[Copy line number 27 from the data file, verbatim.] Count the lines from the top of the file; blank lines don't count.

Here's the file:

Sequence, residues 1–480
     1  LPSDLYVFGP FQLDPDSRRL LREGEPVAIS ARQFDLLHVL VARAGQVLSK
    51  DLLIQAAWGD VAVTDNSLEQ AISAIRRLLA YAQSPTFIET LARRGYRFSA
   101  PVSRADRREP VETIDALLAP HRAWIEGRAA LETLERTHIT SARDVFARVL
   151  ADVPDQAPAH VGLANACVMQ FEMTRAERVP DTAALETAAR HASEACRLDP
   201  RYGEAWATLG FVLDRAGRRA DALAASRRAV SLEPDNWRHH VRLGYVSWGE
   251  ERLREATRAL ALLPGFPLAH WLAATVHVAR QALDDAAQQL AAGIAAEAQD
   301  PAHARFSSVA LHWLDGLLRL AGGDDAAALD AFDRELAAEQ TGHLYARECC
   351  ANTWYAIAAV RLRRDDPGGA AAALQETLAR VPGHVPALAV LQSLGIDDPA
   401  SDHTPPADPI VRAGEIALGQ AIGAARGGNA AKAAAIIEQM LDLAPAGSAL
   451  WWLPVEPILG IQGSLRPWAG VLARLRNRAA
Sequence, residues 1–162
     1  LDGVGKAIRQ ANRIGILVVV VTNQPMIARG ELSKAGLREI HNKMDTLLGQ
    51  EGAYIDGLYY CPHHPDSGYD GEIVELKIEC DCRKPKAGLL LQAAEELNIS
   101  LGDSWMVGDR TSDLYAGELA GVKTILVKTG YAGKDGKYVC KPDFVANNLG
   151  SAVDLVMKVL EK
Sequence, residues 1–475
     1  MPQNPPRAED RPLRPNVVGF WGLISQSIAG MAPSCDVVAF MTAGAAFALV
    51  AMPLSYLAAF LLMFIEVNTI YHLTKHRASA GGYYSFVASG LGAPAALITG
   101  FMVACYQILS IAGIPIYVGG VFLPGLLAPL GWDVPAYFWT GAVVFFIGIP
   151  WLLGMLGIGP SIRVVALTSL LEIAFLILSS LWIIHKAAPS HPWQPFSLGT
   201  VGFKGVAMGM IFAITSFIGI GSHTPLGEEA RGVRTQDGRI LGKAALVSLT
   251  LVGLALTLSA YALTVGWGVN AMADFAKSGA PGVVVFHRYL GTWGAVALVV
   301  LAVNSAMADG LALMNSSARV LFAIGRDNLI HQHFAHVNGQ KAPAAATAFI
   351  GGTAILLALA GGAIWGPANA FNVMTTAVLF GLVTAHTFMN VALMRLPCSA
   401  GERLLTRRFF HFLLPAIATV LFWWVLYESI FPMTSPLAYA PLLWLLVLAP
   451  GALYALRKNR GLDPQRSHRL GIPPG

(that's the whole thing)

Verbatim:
   451  GALYALRKNR GLDPQRSHRL GIPPG